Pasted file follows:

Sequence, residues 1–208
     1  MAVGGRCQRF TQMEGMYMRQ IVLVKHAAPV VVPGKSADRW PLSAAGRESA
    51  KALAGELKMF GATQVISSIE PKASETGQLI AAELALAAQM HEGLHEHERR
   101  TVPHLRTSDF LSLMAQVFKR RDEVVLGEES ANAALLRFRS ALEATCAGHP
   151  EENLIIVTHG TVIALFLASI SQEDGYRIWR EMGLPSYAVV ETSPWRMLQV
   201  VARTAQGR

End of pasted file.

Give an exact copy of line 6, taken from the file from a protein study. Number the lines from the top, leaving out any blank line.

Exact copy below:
   201  VARTAQGR